The compatibility subsets appear as options only during 64-bit install sessions. More subsets can of course be selected, but it is recommended that an Oracle 10gRAC node not be provisioned to do anything other than run Oracle 10gRAC. The same recommendation also applies to GULM lock servers.

2.1.2. Post Install Configuration Activities INIT[run level] options

The system installs with a default run level of 5, although 3 can also be used. Level 5 is required only because the GUI tools are executed from the system console. The GUI tools are executed using a remote X session and so level 3 is sufficient. Installing CS4 and Oracle often require the user to not be co-located to the console, so running remote X (even through a firewall) is very common, and this is how this cluster was configured. The run level can be changed in /etc/inittab

# Default runlevel. The runlevels used by RHS are:
#   0 - halt (Do NOT set initdefault to this)
#   1 - Single user mode
#   2 - Multiuser, without NFS (The same as 3, if you do not have networking)
#   3 - Full multiuser mode
#   4 - unused
#   5 - X11
#   6 - reboot (Do NOT set initdefault to this)
id:2:initdefault Configuring Cluster Clock synchronization

The ntpd service must be run on all RAC and GULM servers and is not enabled by default. It can be enabled for both run level init level 3 and 5:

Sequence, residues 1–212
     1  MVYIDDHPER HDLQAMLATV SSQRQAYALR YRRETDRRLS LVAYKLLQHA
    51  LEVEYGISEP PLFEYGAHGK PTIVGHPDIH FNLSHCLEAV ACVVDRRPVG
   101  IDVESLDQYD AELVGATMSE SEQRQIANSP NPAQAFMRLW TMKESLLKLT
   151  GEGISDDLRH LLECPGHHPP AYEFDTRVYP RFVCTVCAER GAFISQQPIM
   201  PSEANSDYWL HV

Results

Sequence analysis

lock1 $ sudo chkconfig –level 35 ntpd on

RAC clusters need to their clocks to be within a few minutes of each other, but not completely synchronous. Using ntpd should provide accuracy within a second or better and this is more than adequate. If the clocks are wildly out on the system after install, ntpd will slowly slew the clocks back into synchronization and this will not happen quickly enough to be effective. In order to use ntpdate as a one-time operation ntpd must not be running. Configuring HP iLO (Integrated Lights Out)

Once the system is installed, then it needs to be configured. The iLO configuration does vary a bit from machine to machine, but the username, password and IP address of the iLO interface is all that is required to configure fencing. The server’s BIOS Advanced section is usually where this is configured. The version of iLO that appears on most DL1xx series boxes (i100) is not supported as it does not support sshd. Shared LUNs Requirement

The Storage must be shared and visible on all nodes in the cluster including the GULM lock servers. The FCP driver will present SCSI LUNs to the operating system.

Here are the results of running dmesg | grep SCSI:

lock1 $ dmesg | grep scsi
Attached scsi disk sda at scsi0, channel 0, id 0, lun 0
Attached scsi disk sdb at scsi0, channel 0, id 0, lun 2
Attached scsi disk sdc at scsi0, channel 0, id 0, lun 7
Attached scsi disk sdd at scsi0, channel 0, id 0, lun 1
Attached scsi disk sde at scsi0, channel 0, id 0, lun 6
Attached scsi disk sdf at scsi0, channel 0, id 0, lun 3
Attached scsi disk sdg at scsi0, channel 0, id 0, lun 4
Attached scsi disk sdh at scsi0, channel 0, id 0, lun 5

Note: This documentation is provided {and copyrighted} by Red Hat®, Inc. and is released via the Open Publication License. The copyright holder has added the further requirement that Distribution of substantively modified versions of this document is prohibited without the explicit permission of the copyright holder. The CentOS project redistributes these original works (in their unmodified form) as a reference for CentOS-4 because CentOS-4 is built from publicly available, open source SRPMS. The documentation is unmodified to be compliant with upstream distribution policy. Neither CentOS-4 nor the CentOS Project are in any way affiliated with or sponsored by Red Hat®, Inc.